What causes nausea or vomiting?
The causes of nausea and vomiting are quite similar. Many things can bring on nausea. Some common causes are seasickness and other motion sicknesses, early pregnancy, intense pain, exposure to chemical toxins, emotional stress (fear), gallbladder disease, food poisoning, indigestion, various viruses, and certain smells or odors.
The causes of vomiting differ according to age. For adults, vomiting is commonly a result of a viral infection and food poisoning, and occasionally a result of motion sickness and illnesses in which the person has a high fever. For children, it is common for vomiting to occur because of a viral infection, food poisoning, motion sickness, overeating or feeding, coughing, and illnesses in which the child has a high fever. Although rare, blocked intestines can cause vomiting, most typically in early infancy.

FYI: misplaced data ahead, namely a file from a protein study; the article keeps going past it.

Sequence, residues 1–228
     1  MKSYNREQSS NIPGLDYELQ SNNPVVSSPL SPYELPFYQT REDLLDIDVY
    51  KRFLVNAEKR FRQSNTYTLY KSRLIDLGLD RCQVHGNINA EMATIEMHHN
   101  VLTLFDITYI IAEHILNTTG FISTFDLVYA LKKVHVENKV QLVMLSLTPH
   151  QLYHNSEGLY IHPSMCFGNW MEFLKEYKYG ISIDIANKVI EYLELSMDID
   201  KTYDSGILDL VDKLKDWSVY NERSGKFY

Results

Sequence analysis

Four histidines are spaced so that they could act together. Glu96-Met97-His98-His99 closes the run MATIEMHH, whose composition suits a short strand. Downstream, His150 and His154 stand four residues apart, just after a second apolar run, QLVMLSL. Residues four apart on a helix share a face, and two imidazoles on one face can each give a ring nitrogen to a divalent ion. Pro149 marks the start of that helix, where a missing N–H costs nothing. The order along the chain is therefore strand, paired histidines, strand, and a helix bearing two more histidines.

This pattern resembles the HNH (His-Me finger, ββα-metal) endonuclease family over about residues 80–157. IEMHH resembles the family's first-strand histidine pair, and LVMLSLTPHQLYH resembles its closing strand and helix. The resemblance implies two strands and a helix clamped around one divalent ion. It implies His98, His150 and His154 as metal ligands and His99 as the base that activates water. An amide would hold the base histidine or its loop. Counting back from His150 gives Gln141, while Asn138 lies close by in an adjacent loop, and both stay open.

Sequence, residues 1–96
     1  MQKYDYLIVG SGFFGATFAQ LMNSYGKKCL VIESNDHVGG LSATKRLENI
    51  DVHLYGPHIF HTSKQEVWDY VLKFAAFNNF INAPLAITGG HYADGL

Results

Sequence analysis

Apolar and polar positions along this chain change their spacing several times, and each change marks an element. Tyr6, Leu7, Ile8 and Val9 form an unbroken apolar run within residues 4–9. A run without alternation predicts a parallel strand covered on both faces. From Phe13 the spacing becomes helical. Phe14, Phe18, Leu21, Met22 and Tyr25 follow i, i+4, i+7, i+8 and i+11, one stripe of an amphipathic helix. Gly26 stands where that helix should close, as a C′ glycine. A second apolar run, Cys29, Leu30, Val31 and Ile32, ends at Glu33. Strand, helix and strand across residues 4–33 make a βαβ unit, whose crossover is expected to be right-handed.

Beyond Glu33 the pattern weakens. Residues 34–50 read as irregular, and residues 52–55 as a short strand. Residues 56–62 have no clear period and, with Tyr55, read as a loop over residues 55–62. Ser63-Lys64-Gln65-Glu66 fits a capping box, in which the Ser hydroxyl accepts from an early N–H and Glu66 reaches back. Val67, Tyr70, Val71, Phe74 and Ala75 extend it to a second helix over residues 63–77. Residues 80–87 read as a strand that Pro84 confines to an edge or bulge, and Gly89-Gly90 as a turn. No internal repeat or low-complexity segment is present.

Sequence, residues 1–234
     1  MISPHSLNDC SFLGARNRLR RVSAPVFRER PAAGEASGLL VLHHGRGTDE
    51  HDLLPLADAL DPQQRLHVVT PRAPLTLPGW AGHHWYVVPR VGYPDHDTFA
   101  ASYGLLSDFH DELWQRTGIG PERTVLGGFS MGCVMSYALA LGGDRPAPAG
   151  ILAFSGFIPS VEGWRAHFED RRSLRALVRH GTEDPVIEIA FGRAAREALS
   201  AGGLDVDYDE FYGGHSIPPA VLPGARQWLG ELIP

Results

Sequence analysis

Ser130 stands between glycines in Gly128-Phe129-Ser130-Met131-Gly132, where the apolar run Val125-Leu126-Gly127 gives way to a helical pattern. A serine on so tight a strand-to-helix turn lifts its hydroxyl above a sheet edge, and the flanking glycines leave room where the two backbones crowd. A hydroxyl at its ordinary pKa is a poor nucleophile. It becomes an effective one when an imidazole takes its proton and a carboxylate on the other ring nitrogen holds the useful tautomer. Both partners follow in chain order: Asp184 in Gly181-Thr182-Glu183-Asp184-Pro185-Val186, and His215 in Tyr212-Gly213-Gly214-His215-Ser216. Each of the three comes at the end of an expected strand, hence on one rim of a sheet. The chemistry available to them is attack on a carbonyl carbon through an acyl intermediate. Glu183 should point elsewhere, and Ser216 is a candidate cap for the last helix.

Usually vomiting is harmless, but it can be a sign of a more serious illness. Some examples of serious conditions that may bring on nausea or vomiting include concussions, encephalitis, meningitis, intestinal blockage, appendicitis, migraine headaches, and brain tumors.
Another concern with vomiting is dehydration. Adults have a lower risk of becoming dehydrated because they can usually detect the symptoms of dehydration (such as increased thirst and dry lips or mouth). Children have a greater risk of becoming dehydrated, especially if the vomiting occurs with diarrhea, because young children may often be unable to tell an adult about symptoms of dehydration. Adults caring for sick children need to be aware of these visible signs of dehydration: dry lips and mouth, sunken eyes, rapid breathing or pulse; or in infants, decreased urination, and a sunken fontanelle (soft spot on top of the baby's head).